I'll be going to the Saturday 11am recorder masterclass with Michael Form. If schedule permits, I'd like to get to the lute song one on Saturday at 4:30 with Ellen Hargis, Paul Odette and Stephen Stubbs. They do it every festival, and I've always enjoyed it when I've been able to go.

Exhibition

Long-time readers of this blog will of course not be under the common misapprehension that BEMF is about holding concerts by major recording artists and selling their CD's.

Like other long-time institutions of the early music movement, BEMF is built on the collaboration between professional performers, instrument makers, musicologists, and the amateur performers who are the most enthusiastic supporters of (and providers of income stream to) the other pillars of the movement.

And the best place at BEMF to appreciate this is to go to the exhibition.

This year's List of Exhibitors looks unusually interesting, with Adriana Breukink, an innovative recorder maker, Leslie Ross, who makes bassoons and dulcians, and Turners' Quay who do clarinets and cornetti.

Fringe Concerts

Here are some of the fringe concerts I want to call attention to. Please note that failing to mention someone here doesn't mean I don't think it will be a good concert. I'm mainly mentioning the ones I mention either because they're doing Renaissance music or because I know them personally.

  • Friends of Tom Zajac, 6pm, Monday, First Lutheran Church. Tom is a very well liked player and coach of recorders, sackbut, bagpipes, percussion, and probably other things. He has been having recurring medical problems. Insurance takes care of the medical bills, but not the lost income when he can't work. So a bunch of his friends, also very fine players, have organized a benefit concert.
  • Renaissonics, Noon, Tuesday, Brown Hall, New England Conservatory. Some of the cornerstones of Renaissance music were improvisation and dance music, and Renaissonics does this better than most currently active groups.
  • Long and Away, noon, Wednesday, Hunnewell Chapel at Arlington Street Church. Songs from the Spanish Netherlands written between 1568 and 1648.
  • The Duke Vespers Ensemble et al., 1:30pm, Wednesday, Church of the Covenant. Seventeenth century Roman Church music on a variety of instruments including brass.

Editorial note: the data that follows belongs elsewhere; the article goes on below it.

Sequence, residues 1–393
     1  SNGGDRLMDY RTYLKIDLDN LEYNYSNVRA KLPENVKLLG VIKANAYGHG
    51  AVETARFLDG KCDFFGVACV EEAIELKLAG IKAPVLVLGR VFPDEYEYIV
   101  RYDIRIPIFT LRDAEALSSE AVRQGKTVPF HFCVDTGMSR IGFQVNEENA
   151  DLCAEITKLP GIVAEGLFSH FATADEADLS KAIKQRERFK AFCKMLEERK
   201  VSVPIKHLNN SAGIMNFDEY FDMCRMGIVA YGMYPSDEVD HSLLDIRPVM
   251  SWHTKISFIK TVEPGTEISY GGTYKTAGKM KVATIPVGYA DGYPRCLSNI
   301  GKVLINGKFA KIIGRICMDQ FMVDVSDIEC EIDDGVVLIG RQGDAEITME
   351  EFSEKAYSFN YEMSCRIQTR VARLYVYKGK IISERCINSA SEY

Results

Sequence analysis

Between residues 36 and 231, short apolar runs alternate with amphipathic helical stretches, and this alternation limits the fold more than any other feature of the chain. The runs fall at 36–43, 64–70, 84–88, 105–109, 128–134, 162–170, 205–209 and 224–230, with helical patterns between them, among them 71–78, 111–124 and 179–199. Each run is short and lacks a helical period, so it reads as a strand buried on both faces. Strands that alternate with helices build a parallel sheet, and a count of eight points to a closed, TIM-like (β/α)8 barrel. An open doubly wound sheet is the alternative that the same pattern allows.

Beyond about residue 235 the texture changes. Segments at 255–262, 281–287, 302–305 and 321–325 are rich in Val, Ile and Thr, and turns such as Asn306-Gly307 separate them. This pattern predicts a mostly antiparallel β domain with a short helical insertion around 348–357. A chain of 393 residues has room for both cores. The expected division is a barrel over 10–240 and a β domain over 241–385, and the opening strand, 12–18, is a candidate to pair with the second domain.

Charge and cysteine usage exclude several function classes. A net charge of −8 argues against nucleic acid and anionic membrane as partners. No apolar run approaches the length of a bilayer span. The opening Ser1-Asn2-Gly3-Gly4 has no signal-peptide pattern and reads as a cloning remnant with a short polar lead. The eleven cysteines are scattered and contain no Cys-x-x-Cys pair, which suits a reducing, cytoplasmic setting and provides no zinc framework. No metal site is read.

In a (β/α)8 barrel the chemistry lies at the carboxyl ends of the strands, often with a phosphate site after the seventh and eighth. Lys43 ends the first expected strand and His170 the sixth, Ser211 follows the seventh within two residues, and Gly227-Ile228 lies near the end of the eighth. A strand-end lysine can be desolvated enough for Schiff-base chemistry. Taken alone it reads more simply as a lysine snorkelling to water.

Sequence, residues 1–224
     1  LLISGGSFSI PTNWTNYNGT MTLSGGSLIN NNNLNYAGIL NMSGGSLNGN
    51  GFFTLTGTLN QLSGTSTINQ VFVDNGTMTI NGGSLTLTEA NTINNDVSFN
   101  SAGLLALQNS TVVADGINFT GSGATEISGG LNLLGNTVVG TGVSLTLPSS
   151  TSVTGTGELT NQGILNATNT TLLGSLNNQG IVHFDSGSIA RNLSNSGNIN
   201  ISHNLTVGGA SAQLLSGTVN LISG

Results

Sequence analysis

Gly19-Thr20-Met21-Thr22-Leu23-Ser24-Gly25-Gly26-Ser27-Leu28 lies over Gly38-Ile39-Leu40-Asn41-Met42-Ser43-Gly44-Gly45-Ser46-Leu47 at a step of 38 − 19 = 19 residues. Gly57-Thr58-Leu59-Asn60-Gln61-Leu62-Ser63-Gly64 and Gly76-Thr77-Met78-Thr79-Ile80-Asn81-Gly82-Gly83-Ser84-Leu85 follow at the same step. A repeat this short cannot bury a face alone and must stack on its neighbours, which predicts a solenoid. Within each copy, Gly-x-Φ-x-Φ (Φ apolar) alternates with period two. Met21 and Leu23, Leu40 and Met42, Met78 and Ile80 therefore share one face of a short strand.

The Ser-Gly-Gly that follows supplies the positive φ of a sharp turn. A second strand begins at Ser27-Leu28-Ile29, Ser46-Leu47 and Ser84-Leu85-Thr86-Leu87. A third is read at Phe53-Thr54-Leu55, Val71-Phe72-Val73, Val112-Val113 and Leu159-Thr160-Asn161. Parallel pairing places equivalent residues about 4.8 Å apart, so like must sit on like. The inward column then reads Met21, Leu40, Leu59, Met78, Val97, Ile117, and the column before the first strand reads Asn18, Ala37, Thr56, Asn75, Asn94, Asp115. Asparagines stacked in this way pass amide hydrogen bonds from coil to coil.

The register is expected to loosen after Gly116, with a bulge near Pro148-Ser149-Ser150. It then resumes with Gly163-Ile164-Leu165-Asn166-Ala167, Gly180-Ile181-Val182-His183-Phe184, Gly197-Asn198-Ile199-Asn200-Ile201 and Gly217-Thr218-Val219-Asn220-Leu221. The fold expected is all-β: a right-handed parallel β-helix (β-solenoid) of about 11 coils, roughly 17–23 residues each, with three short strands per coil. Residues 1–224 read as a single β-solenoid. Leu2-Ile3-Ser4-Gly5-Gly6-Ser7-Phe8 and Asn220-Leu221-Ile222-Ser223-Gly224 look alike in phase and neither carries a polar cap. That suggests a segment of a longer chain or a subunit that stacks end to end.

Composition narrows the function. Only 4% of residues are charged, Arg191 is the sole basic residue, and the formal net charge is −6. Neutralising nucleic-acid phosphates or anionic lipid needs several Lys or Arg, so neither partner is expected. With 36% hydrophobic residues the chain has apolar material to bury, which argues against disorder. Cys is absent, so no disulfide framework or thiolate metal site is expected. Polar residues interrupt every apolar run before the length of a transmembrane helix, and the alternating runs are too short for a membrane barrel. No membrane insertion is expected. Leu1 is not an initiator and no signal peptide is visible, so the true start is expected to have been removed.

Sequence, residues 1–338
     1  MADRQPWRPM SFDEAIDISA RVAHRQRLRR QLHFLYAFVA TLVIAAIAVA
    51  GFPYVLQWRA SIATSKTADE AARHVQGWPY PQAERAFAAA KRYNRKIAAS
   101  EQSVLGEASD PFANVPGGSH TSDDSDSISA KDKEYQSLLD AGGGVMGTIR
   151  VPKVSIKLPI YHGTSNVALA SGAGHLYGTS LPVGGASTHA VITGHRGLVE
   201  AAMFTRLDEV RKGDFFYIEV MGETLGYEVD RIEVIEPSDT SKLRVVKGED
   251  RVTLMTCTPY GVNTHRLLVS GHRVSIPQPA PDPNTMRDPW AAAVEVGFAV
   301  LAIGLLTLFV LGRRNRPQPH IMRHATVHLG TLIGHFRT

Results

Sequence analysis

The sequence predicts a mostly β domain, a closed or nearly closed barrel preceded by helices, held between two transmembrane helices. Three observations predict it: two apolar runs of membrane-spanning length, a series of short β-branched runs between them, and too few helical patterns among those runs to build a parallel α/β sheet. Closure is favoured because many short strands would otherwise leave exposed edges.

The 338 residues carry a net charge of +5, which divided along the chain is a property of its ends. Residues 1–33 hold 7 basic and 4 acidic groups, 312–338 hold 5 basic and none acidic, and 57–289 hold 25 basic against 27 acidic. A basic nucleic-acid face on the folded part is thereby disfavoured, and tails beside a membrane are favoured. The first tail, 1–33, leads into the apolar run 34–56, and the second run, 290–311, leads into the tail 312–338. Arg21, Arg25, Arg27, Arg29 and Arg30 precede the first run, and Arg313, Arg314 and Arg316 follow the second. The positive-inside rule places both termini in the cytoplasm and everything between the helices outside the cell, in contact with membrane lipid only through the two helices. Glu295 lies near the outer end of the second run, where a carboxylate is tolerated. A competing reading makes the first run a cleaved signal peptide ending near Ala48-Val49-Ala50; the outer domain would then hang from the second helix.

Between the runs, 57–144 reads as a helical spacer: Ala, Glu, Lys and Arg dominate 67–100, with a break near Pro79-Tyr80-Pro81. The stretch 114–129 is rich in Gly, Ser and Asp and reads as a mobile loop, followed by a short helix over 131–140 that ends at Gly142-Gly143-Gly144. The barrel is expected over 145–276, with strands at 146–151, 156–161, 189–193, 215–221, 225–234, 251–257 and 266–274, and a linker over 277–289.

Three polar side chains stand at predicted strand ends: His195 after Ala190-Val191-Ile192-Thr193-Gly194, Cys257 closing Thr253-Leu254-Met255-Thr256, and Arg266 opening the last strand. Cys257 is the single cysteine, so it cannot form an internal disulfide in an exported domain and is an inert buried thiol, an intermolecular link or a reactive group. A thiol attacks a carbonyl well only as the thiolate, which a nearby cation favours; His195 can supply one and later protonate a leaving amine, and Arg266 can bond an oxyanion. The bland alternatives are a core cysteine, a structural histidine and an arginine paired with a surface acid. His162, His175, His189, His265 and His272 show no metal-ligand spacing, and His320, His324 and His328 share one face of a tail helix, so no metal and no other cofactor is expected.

• Judith Conrad on triple-fretted clavichord, 2pm, Wednesday, Paulist Center Library. Music of Samuel Scheidt published in 1628.
  • Jean Maillard Singers, 3pm, Thursday, Beacon Hill Friends House. Music of Jean Maillard (c. 1515 – after 1570).
  • Recorder Relay, 9:15am Friday, Church of Saint John the Evangelist. I'm particularly looking forward to the last group, scheduled for 11:20, which is several of the local professional recorder players playing Renaissance music on matched Renaissance recorders.
  • Convivium Musicum, Saturday, noon, First Lutheran Church. Their Sweelinck concert drew rave reviews when they sang it last Spring.
  • Vox Lucens, 4:30pm, Saturday, Goethe Institute.
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Cantabile

News of the week of June 2, 2015

Meeting report

We played:

Schedule

We will not meet next week, June 9, because we're all busy with the Boston Early Music Festival.

After that, we will resume our regular Tuesday meetings.

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Cantabile

News of the week of May 26, 2015

Meeting report

We played lots of Dowland:

Schedule

We will be meeting as usual every Tuesday at 7:45 pm, at 233 Broadway, Cambridge.

We will not meet on Tuesday, June 9, because of the Boston Early Music Festival.

Playing opportunity

The Boston Recorder Society loud wind group will have a special meeting this Sunday, May 31 from 1-3 at Marilyn's house in Auburndale. She says she'd be happy to have a couple of extra players if anyone else (who plays early brass or reeds) wants to come. Let me know if you need more information.

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Cantabile

News of the week of May 19, 2015

Meeting report

We played:

Schedule

We will be meeting as usual every Tuesday at 7:45 pm, at 233 Broadway, Cambridge.

We will not meet on Tuesday, June 9, because of the Boston Early Music Festival.

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Cantabile

News of the week of May 12, 2015

Meeting report

We played:

Schedule

We will be meeting as usual every Tuesday at 7:45 pm, at 233 Broadway, Cambridge.

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Cantabile

News of the week of May 5, 2015

Meeting report

We played:

Schedule

We will be meeting as usual every Tuesday at 7:45 pm, at 233 Broadway, Cambridge.

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Cantabile

News from the Walk for Hunger

Performance report

The weather was a little warm for the walkers, which means it was perfect for us -- the walkers were encouraged to stop and listen for a while instead of having to barrel on to get out of the wind and the rain and cold.

The program was a little bit too long and difficult, but we played most of it four times, and we know it a lot better than we did before.

Pictures

[wfh 2015] [paul]

Schedule

We are back on our usual schedule of dropin meetings every Tuesday at 7:45 pm, at 233 Broadway, Cambridge. Come and tell everybody you know to bring everybody they know.